“We have to be very serious about listening to what the community is telling us and act accordingly,” she said. “Our focus has to be on those most vulnerable.” She added that a diverse group of social workers is key to the success of the project. “Lived experience is important,” she said. “We need licensed clinical social workers who are Black males. There are so many families who are hesitant to reach out for services because there’s no one who looks like them who’s going to be at the other end of the call.”

Jones noted that similar approaches to public safety have worked in Denver, where some 9-1-1 calls are redirected to mental health practitioners or social workers, or in Eugene OR, which has been using a similar strategy for over 30 years. “There’s plenty of data and resources that show this works across the country,” she said.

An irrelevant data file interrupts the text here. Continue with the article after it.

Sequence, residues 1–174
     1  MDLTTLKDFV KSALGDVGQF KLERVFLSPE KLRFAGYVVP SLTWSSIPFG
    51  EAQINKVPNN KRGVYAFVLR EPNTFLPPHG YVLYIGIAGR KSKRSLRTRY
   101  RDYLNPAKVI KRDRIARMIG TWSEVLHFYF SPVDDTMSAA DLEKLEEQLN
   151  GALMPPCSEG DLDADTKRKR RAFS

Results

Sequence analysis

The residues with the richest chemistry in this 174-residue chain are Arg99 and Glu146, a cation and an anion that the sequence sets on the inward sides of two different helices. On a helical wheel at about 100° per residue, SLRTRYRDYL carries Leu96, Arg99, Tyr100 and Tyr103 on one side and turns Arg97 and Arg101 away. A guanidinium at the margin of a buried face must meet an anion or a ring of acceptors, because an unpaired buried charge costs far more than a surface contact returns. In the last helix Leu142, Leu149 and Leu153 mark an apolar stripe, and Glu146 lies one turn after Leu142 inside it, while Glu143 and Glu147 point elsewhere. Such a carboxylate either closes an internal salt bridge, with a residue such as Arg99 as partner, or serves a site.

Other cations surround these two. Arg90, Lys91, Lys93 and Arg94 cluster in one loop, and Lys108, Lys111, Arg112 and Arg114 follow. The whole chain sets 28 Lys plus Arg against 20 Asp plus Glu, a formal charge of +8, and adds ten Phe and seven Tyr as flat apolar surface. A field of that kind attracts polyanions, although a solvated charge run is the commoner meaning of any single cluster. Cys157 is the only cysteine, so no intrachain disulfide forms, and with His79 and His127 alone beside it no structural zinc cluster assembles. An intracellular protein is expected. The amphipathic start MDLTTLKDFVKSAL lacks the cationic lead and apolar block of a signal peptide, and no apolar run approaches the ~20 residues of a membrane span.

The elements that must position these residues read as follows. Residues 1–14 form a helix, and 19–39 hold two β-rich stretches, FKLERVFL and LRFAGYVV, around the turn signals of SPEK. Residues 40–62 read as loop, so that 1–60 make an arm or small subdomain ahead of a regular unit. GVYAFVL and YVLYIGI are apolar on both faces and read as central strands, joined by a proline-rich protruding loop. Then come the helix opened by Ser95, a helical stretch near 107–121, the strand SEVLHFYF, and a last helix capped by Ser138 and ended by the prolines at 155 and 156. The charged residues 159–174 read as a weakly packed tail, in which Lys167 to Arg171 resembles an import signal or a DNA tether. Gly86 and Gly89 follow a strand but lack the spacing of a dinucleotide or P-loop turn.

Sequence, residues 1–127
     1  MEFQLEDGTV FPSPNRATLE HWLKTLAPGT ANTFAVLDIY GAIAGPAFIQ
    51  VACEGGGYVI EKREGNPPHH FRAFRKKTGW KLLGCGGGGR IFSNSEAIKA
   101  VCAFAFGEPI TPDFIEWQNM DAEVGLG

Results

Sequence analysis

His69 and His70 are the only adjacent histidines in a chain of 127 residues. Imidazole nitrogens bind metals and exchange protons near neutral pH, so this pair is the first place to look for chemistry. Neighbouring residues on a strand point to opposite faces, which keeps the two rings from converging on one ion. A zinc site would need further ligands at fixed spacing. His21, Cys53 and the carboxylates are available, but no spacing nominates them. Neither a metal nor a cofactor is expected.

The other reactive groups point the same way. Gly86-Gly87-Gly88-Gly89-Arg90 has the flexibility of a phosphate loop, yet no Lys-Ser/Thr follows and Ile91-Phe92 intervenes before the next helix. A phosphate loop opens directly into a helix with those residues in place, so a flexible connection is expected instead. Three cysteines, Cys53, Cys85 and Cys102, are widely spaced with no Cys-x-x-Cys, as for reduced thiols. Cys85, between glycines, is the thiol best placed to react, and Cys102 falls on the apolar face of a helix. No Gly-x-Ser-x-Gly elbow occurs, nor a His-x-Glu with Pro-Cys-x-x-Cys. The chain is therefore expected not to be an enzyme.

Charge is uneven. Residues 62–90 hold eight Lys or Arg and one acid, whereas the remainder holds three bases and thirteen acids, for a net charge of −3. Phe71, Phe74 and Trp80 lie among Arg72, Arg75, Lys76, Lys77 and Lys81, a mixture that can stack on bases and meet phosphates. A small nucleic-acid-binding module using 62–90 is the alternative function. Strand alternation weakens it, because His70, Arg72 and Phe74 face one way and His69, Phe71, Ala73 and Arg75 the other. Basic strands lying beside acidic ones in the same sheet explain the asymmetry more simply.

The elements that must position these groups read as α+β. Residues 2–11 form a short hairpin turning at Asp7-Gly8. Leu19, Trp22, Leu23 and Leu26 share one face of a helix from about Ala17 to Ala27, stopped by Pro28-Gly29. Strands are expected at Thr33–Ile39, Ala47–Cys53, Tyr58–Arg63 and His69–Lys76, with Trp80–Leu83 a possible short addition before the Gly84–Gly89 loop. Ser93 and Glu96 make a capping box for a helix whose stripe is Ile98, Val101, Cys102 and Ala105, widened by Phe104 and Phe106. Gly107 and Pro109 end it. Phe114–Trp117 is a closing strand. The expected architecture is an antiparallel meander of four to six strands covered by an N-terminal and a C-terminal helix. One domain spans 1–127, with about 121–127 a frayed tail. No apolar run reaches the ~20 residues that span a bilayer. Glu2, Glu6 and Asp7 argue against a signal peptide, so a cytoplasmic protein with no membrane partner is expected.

She said the city and Violence Prevention Commission will be having a series of public safety town halls beginning Sept. 23 to hear from city residents about how to reduce violence. “People closest to the problems are closest to the solutions,” she said. Jones added that the new strategy to include social workers has nothing to do with “defunding the police.”

“The changes we are proposing will free up our officers to do the work that they were trained to do and to get other training,” she said. “This is a way to disrupt but also to transform our public safety system for the better.”